SPECIAL TYPES OF GENERATORS BASIC INFORMATION AND TUTORIALS



General. The adaptability of the dc generator for specific uses has led to the development of many special generators. These machines over the years made a significant contribution to industrial progress.

However, most of these special applications have disappeared or are now being met with other devices such as silicon controlled rectifiers or programmed control of field currents to the main dc generator.

Synchronous Converters. Of all the special generators, this was one of the earlier and most widely used. It was the principal dc power source for streetcars and interurban lines.

It was a most ingenious device, combining in a single armature and winding an ac motor taking its current from the lines through slip rings at the rear and a dc generator providing dc power from a commutator on the front end.

Because the flow of the currents was in opposition, the resulting rotor winding could be small in cross section. A single stator provided flux for both functions. With the decline of street railway systems, the synchronous converter disappeared.

Rotating Regulators. These dc machines had trade names like Rototrol, Regulex, and Amplidyne. They, too, have been replaced by solid-state devices. In addition to having fields for feedback intelligence, response was enhanced using self-excited shunt fields tuned to the air-gap line or by means of cross-magnetization from armature reaction.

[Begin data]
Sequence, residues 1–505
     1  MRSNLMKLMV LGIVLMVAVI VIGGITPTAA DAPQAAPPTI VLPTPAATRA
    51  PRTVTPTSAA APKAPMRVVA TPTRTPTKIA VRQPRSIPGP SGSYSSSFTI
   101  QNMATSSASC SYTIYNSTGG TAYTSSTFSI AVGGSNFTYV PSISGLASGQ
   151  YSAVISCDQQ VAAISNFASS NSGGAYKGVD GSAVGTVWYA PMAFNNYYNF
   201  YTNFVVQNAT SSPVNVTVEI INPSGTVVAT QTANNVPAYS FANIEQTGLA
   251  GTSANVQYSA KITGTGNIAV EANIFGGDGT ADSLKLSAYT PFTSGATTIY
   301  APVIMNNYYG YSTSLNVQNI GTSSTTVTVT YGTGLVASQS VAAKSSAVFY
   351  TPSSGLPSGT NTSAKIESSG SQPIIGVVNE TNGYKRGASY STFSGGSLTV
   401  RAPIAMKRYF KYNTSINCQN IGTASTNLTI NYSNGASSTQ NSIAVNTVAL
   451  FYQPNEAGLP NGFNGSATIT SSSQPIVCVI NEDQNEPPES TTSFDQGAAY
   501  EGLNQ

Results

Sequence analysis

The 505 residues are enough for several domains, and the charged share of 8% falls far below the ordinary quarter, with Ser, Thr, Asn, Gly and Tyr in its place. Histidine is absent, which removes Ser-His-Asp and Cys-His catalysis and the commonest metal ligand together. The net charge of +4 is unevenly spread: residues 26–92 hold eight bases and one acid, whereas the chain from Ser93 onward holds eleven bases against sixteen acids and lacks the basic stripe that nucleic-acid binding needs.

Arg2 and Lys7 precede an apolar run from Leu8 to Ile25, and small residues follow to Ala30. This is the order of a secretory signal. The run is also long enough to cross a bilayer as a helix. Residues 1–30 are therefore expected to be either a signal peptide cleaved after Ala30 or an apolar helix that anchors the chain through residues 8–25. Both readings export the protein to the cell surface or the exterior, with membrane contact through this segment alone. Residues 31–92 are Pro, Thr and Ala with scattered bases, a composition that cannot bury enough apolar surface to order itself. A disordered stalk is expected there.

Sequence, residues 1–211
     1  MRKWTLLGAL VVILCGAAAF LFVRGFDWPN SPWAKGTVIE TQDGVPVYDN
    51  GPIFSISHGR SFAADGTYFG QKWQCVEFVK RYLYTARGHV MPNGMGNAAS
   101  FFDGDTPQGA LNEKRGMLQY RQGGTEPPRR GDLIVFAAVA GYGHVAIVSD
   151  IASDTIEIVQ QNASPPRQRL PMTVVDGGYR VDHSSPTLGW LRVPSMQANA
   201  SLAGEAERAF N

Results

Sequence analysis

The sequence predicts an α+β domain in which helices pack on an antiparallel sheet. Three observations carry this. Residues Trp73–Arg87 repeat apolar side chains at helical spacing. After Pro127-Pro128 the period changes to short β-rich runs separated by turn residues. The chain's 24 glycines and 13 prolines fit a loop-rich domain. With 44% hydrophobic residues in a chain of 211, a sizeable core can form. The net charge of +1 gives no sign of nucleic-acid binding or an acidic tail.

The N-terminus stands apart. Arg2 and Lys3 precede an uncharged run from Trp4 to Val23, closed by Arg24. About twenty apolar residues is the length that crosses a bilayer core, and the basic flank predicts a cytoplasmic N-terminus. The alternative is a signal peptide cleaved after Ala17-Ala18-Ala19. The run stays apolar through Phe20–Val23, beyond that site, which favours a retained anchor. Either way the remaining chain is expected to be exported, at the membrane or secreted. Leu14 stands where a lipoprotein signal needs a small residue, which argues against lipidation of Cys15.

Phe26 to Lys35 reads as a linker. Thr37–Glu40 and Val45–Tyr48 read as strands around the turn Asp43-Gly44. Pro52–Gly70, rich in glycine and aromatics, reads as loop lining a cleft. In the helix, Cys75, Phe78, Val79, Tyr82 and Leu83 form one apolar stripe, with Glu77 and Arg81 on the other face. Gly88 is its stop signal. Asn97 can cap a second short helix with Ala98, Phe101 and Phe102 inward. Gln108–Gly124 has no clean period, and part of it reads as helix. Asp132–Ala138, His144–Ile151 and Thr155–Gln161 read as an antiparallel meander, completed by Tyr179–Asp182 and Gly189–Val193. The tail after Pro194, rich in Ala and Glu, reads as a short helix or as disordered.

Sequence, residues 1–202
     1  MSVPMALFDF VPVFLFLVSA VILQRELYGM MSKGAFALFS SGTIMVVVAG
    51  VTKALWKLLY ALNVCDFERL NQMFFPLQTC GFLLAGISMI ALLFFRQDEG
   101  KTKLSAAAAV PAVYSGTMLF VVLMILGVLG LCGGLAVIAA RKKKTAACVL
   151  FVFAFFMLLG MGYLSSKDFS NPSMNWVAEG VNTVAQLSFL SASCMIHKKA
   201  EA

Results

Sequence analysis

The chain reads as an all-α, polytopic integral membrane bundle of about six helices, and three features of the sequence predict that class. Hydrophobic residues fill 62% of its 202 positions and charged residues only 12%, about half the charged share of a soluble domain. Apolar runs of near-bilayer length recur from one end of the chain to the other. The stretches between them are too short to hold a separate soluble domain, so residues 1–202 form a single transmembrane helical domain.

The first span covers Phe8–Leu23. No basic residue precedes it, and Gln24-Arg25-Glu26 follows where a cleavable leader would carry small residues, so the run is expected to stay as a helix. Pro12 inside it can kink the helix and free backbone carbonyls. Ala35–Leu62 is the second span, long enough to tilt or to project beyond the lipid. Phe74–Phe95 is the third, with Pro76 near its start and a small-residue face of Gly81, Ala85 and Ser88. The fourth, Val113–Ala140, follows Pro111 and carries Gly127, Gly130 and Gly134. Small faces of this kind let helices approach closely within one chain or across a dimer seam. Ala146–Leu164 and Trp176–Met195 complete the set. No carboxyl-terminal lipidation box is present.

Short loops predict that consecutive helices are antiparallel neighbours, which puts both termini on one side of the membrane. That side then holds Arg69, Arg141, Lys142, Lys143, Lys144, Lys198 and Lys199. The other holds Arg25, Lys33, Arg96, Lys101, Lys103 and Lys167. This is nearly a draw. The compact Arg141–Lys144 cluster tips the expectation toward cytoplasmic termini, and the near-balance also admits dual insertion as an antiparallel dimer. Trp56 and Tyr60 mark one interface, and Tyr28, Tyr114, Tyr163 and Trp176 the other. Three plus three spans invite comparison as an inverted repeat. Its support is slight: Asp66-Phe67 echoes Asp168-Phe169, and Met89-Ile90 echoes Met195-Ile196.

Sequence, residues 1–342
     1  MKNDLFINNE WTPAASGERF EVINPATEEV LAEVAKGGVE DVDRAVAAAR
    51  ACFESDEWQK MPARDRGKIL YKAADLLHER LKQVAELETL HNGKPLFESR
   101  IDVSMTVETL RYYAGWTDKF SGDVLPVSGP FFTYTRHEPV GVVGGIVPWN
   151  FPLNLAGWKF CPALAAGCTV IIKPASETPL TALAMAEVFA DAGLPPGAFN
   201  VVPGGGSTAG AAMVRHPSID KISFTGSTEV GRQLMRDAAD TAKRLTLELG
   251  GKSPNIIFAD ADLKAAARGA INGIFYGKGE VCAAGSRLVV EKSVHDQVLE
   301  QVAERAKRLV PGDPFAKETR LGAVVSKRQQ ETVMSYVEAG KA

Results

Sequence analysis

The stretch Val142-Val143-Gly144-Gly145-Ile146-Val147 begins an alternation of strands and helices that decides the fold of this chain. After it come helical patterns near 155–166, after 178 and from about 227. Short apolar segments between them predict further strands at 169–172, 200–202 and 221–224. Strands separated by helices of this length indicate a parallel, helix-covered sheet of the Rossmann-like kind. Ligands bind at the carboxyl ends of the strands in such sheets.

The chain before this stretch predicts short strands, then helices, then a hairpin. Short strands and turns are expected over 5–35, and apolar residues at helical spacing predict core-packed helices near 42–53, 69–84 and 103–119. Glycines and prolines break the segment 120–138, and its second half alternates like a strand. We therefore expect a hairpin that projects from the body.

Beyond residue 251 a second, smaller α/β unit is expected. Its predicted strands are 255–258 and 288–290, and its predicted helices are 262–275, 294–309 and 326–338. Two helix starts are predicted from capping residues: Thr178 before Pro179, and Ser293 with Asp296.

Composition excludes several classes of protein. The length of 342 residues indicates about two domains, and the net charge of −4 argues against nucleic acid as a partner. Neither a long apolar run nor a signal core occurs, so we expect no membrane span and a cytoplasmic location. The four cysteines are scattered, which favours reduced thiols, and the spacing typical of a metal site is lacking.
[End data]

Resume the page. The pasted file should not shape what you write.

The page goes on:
Three-Wire Devices. Because three-wire dc circuits are no longer in use, balancer sets and threewire generators are relics in school labs or museums.

Homopolar or Acyclic DC Generators. The single-pole machine principle still fascinates electrical engineers and several research and development labs continue to study new arrangements of its basic parts.

Fundamentally, it consists of a single conductor moving through a uniform single direction flux with a collector at each end of the conductor. The output is a steady ripple-free pure dc current and no commutation.

Currents reaching 270,000 A at 8 V were provided by one commercial unit. Recent efforts have been mainly to use liquid metals to take the large currents from the rotating collectors and to obtain higher voltages by connecting units in series.

Some success has been possible, but restricting the sodium potassium to the collector area has proved difficult.

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